Photographer Mary Grace McKernan spends time with the concerned citizens of the Peace River Valley in British Columbia, Canada.
One scientist who has spent his career working in the boreal hopes that climate change will offer a window to saving the forest—by protecting it as a sort of carbon storage tank.
“Along with efforts to decrease greenhouse emissions from industrial sources and all that, we think a second piece should be how to maintain the carbon that’s in the bank already,” says Wells of the Boreal Songbird Initiative. “In the trees, in the peat, in the soil. There should be an accounting of that, and any projects that take place should have to account for the release of those greenhouse gases.”
Migratory songbirds are particularly threatened by the shifts under way in the boreal. The younger, more open forest attracts more mammal predators. It also shrinks habitat for birds that prefer large tracts of forest. Wells is also concerned about fish. “When you have to build lots of roads to access things, you have to put them over streams and rivers and bogs and such, and you change the flow dynamics,” he says. “If you don’t have the right kind of culverts, you cut off fish populations from each other.” New roads also open the door to hunting and fishing. “A lot of these previously inaccessible lakes or areas that were traditional lands used by indigenous people and so got light pressure, now you have this influx of people from outside. It’s pretty well documented that you see a decline in the size and number of fish in lakes.”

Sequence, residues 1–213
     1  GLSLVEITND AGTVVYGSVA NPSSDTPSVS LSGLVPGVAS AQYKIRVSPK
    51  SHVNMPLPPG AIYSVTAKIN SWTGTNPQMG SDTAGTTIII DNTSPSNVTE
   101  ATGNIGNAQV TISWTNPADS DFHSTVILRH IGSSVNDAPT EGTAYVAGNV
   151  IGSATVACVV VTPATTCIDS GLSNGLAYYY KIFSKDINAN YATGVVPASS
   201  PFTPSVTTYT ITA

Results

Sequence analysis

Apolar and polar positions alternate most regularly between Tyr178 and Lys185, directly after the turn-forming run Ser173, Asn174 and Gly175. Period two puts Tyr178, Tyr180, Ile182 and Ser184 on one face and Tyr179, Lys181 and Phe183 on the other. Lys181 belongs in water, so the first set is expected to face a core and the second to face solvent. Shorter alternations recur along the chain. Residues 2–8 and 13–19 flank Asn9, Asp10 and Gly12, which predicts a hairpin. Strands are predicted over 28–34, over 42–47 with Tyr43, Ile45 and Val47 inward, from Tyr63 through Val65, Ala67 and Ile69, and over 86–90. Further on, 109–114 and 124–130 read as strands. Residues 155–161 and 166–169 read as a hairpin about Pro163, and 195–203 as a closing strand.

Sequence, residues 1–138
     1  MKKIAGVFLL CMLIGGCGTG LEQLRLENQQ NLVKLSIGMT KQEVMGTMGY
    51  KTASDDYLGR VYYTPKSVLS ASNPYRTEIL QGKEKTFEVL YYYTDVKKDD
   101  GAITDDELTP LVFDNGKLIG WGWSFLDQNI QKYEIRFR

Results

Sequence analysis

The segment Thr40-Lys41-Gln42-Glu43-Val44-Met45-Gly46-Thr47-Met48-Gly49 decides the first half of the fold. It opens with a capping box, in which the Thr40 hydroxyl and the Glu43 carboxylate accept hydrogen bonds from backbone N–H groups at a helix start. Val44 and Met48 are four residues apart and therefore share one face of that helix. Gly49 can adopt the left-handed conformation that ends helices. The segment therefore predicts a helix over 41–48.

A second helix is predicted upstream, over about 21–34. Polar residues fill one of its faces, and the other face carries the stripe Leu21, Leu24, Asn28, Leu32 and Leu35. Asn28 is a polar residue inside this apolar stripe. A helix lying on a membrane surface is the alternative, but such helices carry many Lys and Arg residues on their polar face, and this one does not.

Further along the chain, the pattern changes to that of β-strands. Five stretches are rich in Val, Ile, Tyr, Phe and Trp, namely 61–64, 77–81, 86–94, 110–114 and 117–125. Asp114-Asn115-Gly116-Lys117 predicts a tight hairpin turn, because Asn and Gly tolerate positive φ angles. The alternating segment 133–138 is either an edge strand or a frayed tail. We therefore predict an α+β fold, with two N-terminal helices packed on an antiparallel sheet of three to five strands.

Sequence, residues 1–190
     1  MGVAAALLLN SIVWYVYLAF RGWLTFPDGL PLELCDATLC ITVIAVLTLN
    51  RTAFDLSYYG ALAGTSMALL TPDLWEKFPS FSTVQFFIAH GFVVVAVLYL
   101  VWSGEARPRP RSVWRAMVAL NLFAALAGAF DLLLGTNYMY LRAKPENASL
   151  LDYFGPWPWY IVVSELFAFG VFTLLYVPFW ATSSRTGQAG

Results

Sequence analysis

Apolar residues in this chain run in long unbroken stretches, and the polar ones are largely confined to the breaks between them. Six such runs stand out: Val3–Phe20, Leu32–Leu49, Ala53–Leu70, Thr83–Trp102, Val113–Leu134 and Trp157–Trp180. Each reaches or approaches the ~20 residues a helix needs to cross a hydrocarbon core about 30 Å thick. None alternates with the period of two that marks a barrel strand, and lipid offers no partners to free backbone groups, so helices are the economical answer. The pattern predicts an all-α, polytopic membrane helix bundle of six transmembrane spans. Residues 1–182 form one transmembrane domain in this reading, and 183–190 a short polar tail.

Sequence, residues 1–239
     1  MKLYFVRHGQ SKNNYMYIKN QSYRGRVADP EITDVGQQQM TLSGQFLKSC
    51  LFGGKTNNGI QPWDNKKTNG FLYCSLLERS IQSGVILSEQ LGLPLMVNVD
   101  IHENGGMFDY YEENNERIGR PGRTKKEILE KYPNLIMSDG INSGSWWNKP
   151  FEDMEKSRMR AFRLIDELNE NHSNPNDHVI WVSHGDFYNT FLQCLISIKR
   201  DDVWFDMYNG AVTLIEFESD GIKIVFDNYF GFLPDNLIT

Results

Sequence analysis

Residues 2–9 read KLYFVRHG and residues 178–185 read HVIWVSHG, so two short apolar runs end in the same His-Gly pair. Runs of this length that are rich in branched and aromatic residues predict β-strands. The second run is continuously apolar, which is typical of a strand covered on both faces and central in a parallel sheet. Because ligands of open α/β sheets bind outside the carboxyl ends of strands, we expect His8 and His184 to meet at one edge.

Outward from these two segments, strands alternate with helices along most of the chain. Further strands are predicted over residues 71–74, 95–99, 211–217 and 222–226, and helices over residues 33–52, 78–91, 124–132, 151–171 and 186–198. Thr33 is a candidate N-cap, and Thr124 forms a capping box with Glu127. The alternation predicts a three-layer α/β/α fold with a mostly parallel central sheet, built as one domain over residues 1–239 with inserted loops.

Wells’ group is part of a loose coalition of conservation organizations pushing to protect at least 50 percent of the boreal landscape from industrial development.
The movement is gaining traction. The provinces of Ontario and Quebec have pledged to protect at least half of their northern areas. This summer, Quebec reached an agreement with the Grand Council of the Crees to protect 2.3 million acres of the Broadback River Valley, which is 500 miles northeast of Montreal. Recently, a coalition of First Nations in Manitoba succeeded in preserving a vast chunk of their land, which is now close to receiving World Heritage Site designation.